Brazil is in the midst of a serious economic crisis. The country suffered through its worst recession on record during 2015 and 2016 and the economy is expected to grow by less than 0.5 percent in 2017.
After two consecutive years of stagnant economic growth, the quality of life for working class Brazilians continues to decline. The underwhelming economic performance has lead to increased unemployment, low levels of domestic investment, and declining household incomes.
The macro-economic and political policies implemented by unelected President Michel Temer have worsened the country’s economic performance. The Temer administration attributes the current economic crisis to excessive public spending. In their mind, the only cure for exiting this downward spiral is through implementation of regressive austerity measures and cuts to essential government social welfare programs.
In other words, any spending included in the budget that fails to correspond with the priorities of fiscal austerity, is considered superfluous and inefficient.
Similarly, many economists argue that Brazil’s economic woes are being exacerbated due to the implementation of austerity measures. During economic downturns, economic recovery is usually achieved through increasing domestic investment during periods of slowed economic growth, commonly referred to as counter-cyclical policies.
In the last two years, low-income workers, which in Brazil, is largely comprised of women, Blacks and young people, have disproportionately suffered due to the government's pro-cyclical economic policies.
For the purpose of this article, I will focus on the ways in which Brazil’s youth population has been negatively impacted by aggressive economic austerity policies:
(A) One of the main features of economic crises’ is the significant increase in unemployment. This is particularly true in the case of Brazil. Currently, the unemployment rate among young people from the ages of 16-29 is 25 percent, according to a recent study carried out by IBGE. This means that one out of every four young people is unemployed.
(B) The increase in unemployment is not exclusively due to job dismissals and company closures. Prior to the economic crisis, the percentage of unemployment among young people was lower due to higher household income earnings along with higher employment rates.
However, in recent years, many household income earners have seen declines in their wage earnings. In other cases, household breadwinners have lost their jobs. In order to compensate eroding household incomes and rising unemployment rates, young people have been forced to enter the labor market prematurely.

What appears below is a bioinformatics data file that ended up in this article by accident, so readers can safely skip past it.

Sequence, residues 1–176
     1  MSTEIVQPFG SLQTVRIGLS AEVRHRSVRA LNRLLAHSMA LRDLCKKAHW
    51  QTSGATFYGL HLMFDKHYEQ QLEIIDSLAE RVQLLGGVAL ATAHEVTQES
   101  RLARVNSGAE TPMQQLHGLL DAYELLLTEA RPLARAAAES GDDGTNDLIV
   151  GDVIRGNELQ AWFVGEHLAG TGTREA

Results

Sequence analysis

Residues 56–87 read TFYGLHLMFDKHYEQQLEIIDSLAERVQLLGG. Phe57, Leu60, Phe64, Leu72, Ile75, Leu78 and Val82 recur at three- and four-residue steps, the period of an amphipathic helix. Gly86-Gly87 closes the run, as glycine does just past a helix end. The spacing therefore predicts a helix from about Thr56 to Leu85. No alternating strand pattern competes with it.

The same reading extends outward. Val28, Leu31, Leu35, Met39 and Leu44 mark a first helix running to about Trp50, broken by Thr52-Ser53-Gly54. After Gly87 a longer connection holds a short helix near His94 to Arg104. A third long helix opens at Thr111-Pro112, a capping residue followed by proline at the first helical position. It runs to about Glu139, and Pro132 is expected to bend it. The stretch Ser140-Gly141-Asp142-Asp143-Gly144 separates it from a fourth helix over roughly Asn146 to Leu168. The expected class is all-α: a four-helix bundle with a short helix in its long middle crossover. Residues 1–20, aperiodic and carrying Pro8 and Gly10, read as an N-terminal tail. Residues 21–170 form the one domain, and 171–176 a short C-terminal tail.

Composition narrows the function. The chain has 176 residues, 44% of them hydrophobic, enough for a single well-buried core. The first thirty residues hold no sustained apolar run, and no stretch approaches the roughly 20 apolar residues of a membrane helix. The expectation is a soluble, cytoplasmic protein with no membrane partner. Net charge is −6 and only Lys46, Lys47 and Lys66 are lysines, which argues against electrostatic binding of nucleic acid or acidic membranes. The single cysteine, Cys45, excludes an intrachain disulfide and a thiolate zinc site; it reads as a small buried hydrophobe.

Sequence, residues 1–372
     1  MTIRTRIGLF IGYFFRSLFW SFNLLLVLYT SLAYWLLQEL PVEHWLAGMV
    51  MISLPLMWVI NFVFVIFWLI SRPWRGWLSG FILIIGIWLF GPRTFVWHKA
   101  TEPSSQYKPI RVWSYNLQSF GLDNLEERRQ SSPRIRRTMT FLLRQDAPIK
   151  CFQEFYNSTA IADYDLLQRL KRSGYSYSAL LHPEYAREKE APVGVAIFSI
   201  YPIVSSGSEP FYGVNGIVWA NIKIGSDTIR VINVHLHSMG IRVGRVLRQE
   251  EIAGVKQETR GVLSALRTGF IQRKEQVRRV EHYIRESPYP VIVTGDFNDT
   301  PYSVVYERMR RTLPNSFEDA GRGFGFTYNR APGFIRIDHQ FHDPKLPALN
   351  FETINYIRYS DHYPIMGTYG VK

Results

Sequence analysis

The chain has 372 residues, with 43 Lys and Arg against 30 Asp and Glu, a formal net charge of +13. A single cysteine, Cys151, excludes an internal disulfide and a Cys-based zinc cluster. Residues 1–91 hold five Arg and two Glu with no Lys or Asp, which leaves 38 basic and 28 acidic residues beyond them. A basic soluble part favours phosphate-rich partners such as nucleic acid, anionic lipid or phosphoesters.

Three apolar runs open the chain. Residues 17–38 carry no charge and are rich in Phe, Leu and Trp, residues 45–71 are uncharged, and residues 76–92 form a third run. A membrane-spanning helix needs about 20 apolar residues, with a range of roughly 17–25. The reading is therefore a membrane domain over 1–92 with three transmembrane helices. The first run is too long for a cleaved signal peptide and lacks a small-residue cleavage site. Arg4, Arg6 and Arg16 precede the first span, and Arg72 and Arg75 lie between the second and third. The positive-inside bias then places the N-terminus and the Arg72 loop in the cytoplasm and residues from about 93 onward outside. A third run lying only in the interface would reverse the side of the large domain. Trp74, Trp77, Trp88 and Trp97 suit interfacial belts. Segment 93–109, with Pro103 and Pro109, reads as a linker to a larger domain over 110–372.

(C) Meanwhile, the institutionalization of budget cuts through constitutional amendments, known as the EC-95, which placed a freeze on all federal expenditure for the next 20 years, will undoubtedly have severe implications on Brazilian youth. The constitutional amendment, which was introduced earlier this year, imposed a freeze on spending in the area of education. Over the next 20 years, government spending will be adjusted according to inflation, which means that there will be no growth in education expenditures over the next two decades, even if the federal revenue grows. It has been projected that EC-95 would have the impact of reducing education expenditure by more than R$45 billion by 2025.
(D) Another negative byproduct of the ongoing economic crisis on young people is that turnover rate also tends to be higher among young people. This essentially means that in an times of slow economic growth, young people are normally the first employees to get fired or let go.
(E) Finally, another example, which has repeatedly made headlines here in Brazil, is the increase in transportation fairs for Brazilian students, which student activists argue is an unjustified increase given the state of public transit services.
These are just a few examples that help to explain the negative social and economic repercussions of the ongoing economic crisis on young Brazilians.
If these are collective problems, then we me address them collectively through the strength of our popular organizations!
*Juliane Furno is completing her doctorate in Economic Development at UNICAMP and is a member of the Brazilian social movement Levante Popular da Juventude.
Edited by: Daniela Stefano | Translation: Nate Singham